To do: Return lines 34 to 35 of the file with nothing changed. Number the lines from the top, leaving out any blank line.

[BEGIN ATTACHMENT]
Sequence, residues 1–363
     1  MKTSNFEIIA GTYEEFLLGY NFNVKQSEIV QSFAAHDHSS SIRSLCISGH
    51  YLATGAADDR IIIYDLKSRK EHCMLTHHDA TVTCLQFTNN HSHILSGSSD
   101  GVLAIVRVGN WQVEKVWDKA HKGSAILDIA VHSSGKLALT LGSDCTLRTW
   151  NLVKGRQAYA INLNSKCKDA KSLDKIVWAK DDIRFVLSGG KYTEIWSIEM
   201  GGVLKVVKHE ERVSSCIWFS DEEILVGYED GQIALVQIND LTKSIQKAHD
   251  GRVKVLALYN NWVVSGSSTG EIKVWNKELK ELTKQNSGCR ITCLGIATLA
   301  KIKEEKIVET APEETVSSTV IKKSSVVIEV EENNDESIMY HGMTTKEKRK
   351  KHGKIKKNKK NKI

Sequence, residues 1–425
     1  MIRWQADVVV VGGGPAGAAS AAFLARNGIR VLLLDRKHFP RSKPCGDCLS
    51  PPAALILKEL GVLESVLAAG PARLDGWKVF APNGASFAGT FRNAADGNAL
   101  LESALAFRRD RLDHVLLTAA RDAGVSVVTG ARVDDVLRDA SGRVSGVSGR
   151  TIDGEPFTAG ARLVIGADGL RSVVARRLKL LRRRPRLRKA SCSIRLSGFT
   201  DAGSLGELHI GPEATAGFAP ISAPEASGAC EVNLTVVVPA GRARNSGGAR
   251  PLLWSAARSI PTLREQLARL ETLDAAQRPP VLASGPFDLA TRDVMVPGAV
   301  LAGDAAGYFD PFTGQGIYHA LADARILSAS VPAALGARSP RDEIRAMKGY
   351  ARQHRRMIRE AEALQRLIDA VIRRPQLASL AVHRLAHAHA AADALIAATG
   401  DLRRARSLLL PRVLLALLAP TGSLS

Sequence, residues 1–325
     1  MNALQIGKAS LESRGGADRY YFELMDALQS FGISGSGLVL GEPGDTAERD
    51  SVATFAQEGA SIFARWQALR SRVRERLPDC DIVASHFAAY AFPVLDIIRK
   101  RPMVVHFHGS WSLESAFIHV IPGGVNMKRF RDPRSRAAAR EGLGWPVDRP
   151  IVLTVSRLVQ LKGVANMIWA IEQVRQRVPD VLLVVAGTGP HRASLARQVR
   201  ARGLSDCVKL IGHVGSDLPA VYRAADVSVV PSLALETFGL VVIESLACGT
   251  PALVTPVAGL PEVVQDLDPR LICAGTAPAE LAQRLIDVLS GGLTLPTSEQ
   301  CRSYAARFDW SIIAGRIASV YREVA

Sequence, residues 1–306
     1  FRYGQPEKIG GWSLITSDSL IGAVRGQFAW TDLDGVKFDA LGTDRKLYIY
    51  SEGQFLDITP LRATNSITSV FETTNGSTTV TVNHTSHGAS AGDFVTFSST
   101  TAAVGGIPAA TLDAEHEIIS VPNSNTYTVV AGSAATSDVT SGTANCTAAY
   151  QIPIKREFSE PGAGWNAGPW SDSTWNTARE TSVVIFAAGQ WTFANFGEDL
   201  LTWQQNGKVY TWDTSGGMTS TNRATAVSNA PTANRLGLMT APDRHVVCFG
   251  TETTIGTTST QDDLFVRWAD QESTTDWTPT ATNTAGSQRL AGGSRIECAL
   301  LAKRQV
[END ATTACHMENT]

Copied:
   251  TETTIGTTST QDDLFVRWAD QESTTDWTPT ATNTAGSQRL AGGSRIECAL
   301  LAKRQV